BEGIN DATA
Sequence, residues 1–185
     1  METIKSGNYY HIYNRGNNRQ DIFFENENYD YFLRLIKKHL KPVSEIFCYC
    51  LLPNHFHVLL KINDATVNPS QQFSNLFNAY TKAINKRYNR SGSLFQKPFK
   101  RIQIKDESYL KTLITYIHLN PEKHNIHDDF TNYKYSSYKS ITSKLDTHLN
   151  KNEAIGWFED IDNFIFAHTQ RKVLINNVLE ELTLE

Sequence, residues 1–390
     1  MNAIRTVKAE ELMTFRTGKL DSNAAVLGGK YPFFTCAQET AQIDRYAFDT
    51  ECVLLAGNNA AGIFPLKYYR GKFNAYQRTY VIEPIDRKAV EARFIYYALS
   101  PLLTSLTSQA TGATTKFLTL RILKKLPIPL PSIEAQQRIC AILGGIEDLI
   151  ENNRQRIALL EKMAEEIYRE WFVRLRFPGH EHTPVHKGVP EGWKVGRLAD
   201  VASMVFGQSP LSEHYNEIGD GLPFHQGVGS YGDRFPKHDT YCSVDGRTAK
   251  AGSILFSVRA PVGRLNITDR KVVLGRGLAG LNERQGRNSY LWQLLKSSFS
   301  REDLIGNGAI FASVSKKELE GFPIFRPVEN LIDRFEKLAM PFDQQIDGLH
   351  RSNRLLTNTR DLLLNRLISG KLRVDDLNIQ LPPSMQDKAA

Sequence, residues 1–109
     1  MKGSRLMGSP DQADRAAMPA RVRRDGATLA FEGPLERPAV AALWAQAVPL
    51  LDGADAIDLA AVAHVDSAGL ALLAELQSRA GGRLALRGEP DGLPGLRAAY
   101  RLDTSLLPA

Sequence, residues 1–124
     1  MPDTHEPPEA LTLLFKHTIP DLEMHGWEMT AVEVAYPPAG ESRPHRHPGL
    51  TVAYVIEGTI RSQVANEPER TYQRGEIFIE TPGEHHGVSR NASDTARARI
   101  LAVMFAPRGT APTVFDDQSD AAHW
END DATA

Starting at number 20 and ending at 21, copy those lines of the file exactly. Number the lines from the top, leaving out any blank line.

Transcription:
     1  MPDTHEPPEA LTLLFKHTIP DLEMHGWEMT AVEVAYPPAG ESRPHRHPGL
    51  TVAYVIEGTI RSQVANEPER TYQRGEIFIE TPGEHHGVSR NASDTARARI